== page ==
Stanford diver looks to soar to new heightsBy Mark Soltau December 12, 2011, 5:13 pm
“I know where my classes are, where the pool is, and where I live,” he said this week. “That’s about it.”
For now, that’s enough for the talented freshman diver from Walnut Creek, California. No male diver has entered the program with more promise than Ipsen, a 16-time junior national champion, eight-time senior national champion, three-time junior world champion, 2009 World Championships silver medalist in synchronized 3-meter, and 2010 World Cup silver medalist in synchronized 3-meter.
Cardinal diving coach Rick Schavone, who has mentored 89 All-Americans, said Ipsen has Gregory Louganis-type potential. No small claim, considering Louganis won four Olympic gold medals and five World Championships.
“Remember, when Greg dove, the Chinese weren’t part of the picture,” said Schavone, a three-time NCAA Coach of the Year. “Will he (Ipsen) ever dominate the Chinese? No. Will he ever win all those gold medals? Maybe, maybe not. But in this country, he could be dominating.”
Ipsen is flattered to be compared to Louganis and will never forget their first meeting. It came during a camp in Indianapolis when he was 10.
“I was going for my second practice and lot of the older kids skipped it to go to an Indiana Hoosiers football game,” Ipsen said. “Greg was at the camp and it was just him and me for about two hours. He actually got up on the 3-meter platform and was coaching and talking to me through each of my dives. It was a really cool moment.”
How does Ipsen feel about the Louganis comparison?
“It’s an honor,” he said. “A lot of people kind of put us together because of the way we dive and our lines in the air. But if I even accomplish one-quarter of what he did in his career, I would be thrilled.”
Schavone is grooming the 5-foot-7 Ipsen for the London 2012 Olympic Games, where he could qualify for individual or synchronized events.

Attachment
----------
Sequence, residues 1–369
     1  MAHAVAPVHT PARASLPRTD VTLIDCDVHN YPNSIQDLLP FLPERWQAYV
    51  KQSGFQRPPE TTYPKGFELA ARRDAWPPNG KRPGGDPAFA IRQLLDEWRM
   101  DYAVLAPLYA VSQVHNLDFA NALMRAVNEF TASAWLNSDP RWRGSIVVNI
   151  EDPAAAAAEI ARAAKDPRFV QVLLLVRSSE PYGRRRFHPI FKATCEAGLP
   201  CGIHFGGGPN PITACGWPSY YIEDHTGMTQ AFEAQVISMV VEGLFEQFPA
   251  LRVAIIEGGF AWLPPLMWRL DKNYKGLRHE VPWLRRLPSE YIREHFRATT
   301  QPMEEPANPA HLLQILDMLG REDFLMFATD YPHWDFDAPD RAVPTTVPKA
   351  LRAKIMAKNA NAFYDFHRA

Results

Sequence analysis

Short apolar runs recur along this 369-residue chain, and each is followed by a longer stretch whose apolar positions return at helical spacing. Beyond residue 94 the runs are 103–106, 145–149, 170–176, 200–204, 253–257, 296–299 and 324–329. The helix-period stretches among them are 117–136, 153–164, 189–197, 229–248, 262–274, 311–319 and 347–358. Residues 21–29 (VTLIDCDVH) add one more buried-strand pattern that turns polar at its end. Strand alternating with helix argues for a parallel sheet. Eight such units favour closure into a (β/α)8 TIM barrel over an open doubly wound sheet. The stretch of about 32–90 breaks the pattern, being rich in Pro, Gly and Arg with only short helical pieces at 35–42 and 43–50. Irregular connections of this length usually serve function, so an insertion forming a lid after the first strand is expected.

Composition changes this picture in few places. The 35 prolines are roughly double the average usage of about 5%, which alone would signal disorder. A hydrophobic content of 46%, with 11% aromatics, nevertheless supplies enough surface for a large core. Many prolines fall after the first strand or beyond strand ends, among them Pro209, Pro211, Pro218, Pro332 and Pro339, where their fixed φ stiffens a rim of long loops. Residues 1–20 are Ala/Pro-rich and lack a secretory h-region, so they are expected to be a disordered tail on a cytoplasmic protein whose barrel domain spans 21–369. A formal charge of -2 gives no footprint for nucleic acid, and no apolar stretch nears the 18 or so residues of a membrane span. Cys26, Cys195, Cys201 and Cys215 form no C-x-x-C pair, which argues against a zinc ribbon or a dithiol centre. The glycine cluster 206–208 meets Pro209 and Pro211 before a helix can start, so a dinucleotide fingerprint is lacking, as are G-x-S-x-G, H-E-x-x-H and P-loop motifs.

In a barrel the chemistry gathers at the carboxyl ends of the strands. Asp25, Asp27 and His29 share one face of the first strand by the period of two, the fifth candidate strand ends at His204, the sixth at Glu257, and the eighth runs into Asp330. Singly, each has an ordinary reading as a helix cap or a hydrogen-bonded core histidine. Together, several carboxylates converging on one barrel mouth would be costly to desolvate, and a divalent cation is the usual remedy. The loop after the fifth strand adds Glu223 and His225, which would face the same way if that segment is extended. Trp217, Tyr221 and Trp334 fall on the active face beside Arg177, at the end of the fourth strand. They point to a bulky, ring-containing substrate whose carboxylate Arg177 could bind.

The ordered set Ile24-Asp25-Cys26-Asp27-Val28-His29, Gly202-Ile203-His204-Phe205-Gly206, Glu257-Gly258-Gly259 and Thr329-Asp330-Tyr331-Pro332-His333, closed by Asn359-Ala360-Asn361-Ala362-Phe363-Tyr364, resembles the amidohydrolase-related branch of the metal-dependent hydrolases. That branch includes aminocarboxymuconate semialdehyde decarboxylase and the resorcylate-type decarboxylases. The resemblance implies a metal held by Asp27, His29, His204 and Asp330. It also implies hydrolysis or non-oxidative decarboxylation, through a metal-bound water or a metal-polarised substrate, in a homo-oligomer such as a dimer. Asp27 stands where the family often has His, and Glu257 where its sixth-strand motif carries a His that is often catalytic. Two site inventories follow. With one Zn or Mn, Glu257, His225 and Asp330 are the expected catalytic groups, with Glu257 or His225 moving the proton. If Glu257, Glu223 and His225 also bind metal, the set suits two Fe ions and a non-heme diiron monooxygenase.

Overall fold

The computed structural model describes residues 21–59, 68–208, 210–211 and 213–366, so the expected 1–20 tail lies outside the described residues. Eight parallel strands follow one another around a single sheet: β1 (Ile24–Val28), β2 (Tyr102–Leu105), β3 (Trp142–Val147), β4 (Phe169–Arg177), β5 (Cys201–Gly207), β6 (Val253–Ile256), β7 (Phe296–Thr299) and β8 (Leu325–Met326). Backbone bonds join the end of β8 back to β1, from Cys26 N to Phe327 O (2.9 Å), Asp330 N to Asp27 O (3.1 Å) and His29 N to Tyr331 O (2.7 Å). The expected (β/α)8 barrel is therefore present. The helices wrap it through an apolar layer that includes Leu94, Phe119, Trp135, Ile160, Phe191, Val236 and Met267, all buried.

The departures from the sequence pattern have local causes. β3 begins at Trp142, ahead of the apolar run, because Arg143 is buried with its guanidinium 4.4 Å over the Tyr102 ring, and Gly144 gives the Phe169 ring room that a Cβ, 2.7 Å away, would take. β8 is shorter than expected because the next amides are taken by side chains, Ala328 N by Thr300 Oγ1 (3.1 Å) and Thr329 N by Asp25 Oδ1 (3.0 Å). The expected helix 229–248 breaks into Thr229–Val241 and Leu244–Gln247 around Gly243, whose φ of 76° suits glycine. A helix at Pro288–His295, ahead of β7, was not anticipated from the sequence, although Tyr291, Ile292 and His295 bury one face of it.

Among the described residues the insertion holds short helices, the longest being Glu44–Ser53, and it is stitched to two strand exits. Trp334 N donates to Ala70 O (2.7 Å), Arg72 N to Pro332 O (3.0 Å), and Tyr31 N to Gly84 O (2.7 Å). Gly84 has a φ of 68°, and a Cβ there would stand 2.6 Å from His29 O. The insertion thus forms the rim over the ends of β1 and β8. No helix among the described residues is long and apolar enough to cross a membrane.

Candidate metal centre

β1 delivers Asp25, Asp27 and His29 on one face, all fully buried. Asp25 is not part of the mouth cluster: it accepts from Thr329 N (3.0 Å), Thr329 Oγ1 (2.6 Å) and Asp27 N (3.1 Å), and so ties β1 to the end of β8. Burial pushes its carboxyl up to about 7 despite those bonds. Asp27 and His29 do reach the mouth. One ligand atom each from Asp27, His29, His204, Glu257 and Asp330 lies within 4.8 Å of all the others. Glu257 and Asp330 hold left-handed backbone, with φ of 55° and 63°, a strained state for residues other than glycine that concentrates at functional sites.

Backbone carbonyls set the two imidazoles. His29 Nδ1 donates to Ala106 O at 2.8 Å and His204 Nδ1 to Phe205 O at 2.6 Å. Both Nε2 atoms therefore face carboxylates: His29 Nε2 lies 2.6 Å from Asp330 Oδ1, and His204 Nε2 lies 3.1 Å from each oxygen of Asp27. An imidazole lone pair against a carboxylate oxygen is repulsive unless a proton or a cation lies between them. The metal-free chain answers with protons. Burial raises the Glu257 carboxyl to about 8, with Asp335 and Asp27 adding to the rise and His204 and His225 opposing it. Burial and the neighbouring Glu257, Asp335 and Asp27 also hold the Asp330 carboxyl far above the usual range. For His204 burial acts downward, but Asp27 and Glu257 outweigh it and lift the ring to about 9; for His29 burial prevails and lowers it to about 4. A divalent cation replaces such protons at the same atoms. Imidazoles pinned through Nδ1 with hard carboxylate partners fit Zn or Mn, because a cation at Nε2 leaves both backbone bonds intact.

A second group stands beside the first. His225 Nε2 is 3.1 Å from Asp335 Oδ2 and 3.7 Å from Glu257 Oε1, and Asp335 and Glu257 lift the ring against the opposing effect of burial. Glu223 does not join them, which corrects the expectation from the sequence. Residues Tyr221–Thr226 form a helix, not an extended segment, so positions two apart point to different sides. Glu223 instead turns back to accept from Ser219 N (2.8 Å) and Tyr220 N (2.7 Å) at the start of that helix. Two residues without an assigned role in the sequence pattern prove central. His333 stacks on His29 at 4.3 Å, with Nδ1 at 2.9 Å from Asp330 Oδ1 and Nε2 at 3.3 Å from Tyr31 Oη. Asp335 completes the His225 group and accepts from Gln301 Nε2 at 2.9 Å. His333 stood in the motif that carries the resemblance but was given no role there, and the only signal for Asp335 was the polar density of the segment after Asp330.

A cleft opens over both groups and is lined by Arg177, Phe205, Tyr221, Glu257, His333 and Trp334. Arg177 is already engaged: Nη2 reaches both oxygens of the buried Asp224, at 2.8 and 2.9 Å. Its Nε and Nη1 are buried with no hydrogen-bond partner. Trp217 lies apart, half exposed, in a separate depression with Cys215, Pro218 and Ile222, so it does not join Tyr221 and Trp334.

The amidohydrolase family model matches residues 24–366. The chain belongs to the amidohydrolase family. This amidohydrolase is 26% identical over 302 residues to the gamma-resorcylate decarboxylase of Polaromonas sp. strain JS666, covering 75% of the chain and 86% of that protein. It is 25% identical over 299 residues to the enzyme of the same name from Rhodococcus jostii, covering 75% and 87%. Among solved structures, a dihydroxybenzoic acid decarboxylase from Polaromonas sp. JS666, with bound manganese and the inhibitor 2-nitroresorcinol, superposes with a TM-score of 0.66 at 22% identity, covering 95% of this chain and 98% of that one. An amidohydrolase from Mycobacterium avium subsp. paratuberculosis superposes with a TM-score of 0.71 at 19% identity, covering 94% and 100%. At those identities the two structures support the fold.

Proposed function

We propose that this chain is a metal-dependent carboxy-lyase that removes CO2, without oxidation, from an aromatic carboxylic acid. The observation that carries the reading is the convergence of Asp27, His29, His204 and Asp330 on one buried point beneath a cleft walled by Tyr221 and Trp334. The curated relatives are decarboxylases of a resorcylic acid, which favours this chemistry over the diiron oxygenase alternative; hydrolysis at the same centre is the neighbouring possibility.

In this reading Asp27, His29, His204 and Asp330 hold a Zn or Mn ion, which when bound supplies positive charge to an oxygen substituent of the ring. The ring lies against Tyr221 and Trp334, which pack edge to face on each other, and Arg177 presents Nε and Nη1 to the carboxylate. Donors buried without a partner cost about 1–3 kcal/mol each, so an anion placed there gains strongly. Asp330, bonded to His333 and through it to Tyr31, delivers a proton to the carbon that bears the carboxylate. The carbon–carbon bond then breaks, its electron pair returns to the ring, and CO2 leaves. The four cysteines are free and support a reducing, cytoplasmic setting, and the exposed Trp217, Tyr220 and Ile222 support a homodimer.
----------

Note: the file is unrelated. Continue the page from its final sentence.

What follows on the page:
“Our goal with him is to put him on the team this year and hopefully he can medal in the synchronized event,” he said. “But in 2016, I’m going for a medal in the individual. He’s definitely the most accomplished diver I’ve ever coached.”
Ipsen is taking things one day and one dive at a time.
“The Olympics is a lot of pressure,” said Ipsen. “It’s a really a small team. Of course, I would really, really like to make it. But in diving, anything can happen at the trials. Hopefully, I can continue training and make the team. If not, I’m going to keep working for 2016.”
Ipsen started diving when he was six years old. He started out as a gymnast because he enjoyed flipping and jumping on the trampoline.
“I also loved the water, so my parents wanted me to try swimming,” said Ipsen. “I tried it, but I just got bored going back and forth, so we kind of put the two together and found diving.”
Ipsen’s specialty is a reverse twister—a reverse 1½ with 3½ twists. If an average human being attempted such a dive, they would wind up looking like a pretzel . . . or in a hospital.
“He’s a great, great athlete,” Schavone said. “He has great awareness, is quick, powerful, and very, very coordinated. When God puts it in, it’s pretty easy to coach it.”
Admittedly, Ipsen used diving to attract a top university. He started diving at Stanford during the summers at age 9 and fell in love with the school.
“In junior meets, they would have platform diving,” he said. “The facility is great and the campus is beautiful. I felt like it was the best of both worlds, with academics and sports.”
Ipsen, who attended De La Salle High School, is also excited about competing for Stanford, where he and highly-touted fellow frosh Connor Kuremsky should add to an already talented team.
“It’s awesome,” said Ipsen. “Connor and I have been competing against each other for a long time. Connor works really hard in practices and gives it his all. So I think it’s good to be surrounded by people in practice like that. It just pushes me to do the same and get the most out of every single dive.”
For Ipsen, the best part about his sport is being able to travel around the world.
“I’ve been to China four times,” he said. “It’s also taken me to Germany, Malaysia, and some crazy places. I wish I could actually see more of where I go, but a lot of times it’s just the hotel and pool and back.”
Ipsen has been bothered by a sore back the last several weeks, but expects to compete in the U.S. Winter Nationals/World Cup Trials this week in Knoxville, Tennessee.
“So that’s kind of nerve-racking,” said Ipsen.
The good news is that he has settled into college life.
“Time management and trying to balance everything,” Ipsen said of his biggest adjustments. “Getting more organized has been a challenge for me. I feel like I’ve kind of gotten the hang of it.”